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Home / World News / Panama Canal is clogged with ships, and the pandemic is making it worse 

Panama Canal is clogged with ships, and the pandemic is making it worse 

The Panama Canal is a crucial waterway for cargoes from the US, the fastest growing LNG supplier, to reach markets in Asia, the biggest consumer,delays coupled with soaring charter rates may force cargo owners to choose alternative routes

world Updated: Oct 30, 2020, 23:05 IST
Bloomberg | Posted by Ayshee Bhaduri
Bloomberg | Posted by Ayshee Bhaduri
Panama
Long waiting times are affecting shipments of liquefied natural gas and liquefied petroleum gas from the US Gulf Coast to Asia
Long waiting times are affecting shipments of liquefied natural gas and liquefied petroleum gas from the US Gulf Coast to Asia(AFP photo)

Ships carrying cargoes around the world are waiting for days to pass through the Panama Canal, as pandemic hit staffing caused congestion at the key pinch point.

Long waiting times are affecting shipments of liquefied natural gas and liquefied petroleum gas from the US Gulf Coast to Asia, according to people with direct knowledge of the situation.

The waiting time, which for vessels with unbooked slots is as long as between 10 and 15 days, have contributed to a rally in the cost of chartering an LNG tanker on the spot market and added to disruptions affecting the supply of super-chilled fuel, the same sources said.

The Panama Canal is a crucial waterway for cargoes from the US, the fastest growing Liquefied Natural Gas(LNG) supplier, to reach markets in Asia, the biggest consumer. Delays coupled with soaring charter rates may affect economics of supplies from the US into Asia and force cargo owners to choose alternative routes.

The delays stem from traffic congestion as well as the Covid-19 pandemic reducing resource capacity, the people, who asked not to be identified said.

The Panama Canal Authority denied that even vessels with booked slots are experiencing delays, saying waiting time has increased only for vessels that arrive without a reservation.

“Due to a combination of seasonal fog, higher-than-average arrivals, and added Covid-19 safety procedures, the Panama Canal has seen an extended waiting time for vessels that arrive at the waterway without a reservation in recent days,” the Panama Canal Authority said in an emailed statement.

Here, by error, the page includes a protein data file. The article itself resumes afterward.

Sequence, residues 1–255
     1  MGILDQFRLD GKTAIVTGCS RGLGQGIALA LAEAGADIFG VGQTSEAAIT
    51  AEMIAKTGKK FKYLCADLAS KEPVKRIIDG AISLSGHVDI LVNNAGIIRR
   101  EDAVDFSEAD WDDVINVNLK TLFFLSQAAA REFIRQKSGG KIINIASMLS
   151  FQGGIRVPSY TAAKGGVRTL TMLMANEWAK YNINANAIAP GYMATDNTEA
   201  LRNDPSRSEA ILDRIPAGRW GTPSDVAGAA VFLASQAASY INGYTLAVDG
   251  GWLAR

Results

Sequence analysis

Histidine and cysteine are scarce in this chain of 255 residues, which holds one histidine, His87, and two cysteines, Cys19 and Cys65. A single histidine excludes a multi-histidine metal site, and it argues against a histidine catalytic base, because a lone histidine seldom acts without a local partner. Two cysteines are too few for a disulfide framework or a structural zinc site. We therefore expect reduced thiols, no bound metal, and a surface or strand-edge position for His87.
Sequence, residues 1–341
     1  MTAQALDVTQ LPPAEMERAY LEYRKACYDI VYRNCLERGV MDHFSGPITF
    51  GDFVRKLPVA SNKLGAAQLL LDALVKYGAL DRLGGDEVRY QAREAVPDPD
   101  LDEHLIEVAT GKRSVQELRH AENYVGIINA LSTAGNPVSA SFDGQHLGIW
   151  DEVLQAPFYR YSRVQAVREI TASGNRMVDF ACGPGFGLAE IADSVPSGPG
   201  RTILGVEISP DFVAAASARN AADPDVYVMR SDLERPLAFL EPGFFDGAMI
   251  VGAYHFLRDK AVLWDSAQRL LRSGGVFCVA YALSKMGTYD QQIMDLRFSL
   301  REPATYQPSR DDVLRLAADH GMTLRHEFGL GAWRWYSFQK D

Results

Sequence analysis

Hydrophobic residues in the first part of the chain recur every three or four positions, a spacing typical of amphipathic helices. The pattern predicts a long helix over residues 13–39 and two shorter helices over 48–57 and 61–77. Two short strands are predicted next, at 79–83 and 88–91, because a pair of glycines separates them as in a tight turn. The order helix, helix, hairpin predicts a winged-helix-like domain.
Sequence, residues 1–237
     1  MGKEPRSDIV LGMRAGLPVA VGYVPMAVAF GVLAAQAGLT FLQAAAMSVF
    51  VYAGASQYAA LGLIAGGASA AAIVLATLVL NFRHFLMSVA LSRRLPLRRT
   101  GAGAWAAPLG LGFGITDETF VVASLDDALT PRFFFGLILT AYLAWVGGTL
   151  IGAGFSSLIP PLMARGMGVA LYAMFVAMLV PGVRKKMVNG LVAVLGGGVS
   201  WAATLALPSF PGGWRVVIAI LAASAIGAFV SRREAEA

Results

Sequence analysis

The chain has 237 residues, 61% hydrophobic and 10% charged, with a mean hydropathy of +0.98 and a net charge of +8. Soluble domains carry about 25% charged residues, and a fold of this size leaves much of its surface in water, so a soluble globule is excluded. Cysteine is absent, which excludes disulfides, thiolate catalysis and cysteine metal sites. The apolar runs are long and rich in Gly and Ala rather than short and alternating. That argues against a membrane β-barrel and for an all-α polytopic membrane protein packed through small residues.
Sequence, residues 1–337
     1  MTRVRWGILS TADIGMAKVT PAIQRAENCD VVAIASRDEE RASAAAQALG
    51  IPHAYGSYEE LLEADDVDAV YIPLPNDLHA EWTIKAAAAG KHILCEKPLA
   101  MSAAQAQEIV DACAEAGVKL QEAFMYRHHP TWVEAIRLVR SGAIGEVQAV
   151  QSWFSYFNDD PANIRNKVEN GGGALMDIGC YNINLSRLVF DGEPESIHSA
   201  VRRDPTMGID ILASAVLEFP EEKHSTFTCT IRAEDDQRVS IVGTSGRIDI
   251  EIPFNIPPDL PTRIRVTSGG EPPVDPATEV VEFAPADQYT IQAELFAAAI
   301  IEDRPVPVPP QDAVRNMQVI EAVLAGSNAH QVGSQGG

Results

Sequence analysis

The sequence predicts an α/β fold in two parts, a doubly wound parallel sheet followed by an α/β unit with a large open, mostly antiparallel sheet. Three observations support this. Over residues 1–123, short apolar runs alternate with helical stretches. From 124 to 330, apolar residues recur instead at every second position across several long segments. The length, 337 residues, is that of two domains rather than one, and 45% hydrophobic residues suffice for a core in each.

“Vessels that book transits for a particular date continue to have transit certainty for that date. This has been true for over 99 per cent of transits historically and remains true despite the pandemic,” the authority said.

In the Liquefied petroleum gas(LPG) market, logistical delays suffered by Asia-bound tankers prompted a spike in regional prices as buyers sought alternative supplies, two traders who asked not to be identified said. The disruption to flows coincided with seasonal demand from Northeast Asian buyers in South Korea, Japan and China during the year-end winter period.

Delays for LPG loadings from the US to Asia have occurred for the past few weeks, with waiting time for non-booking slots of as much as eight days.

The Flex Aurora liquefied natural gas carrier waited for nine days to pass through the canal for a passage that typically takes less than a day. The tanker approached Panama Canal on October 15 and entered it northbound October 24. The vessel is now loading at Cheniere Energy Inc.’s Corpus Christi plant in Texas, according to ship-tracking data on Bloomberg.

Shipping rates for spot LNG vessels are already surging with reduced availability of spare vessels as delays mean tankers are on journeys for longer.

With coronavirus cases surging across the country, the Panamanian Ministry of Health imposed lockdowns and restrictions, limiting the number of workers at the canal, FACTS Global Energy Group(FGE) said in a note. There are also more stringent checks and additional procedures for transiting vessels to curb the spread of the disease.

“With these developments coinciding with an uptick in seasonal demand for canal transits, it could take some time before delays start to ease,” the note said.

The Canal has adjusted its operations to raise daily transits from 32 to 37 on average, according to the statement. Transits are up from 30 in July, and 28 in June and May, when traffic was down because of the pandemic.

“The Panama Canal anticipates this is a short term situation. As these numbers demonstrate, the waterway has the capacity to meet demand and willingness to find ways to accommodate vessels when needed,”the statement read.

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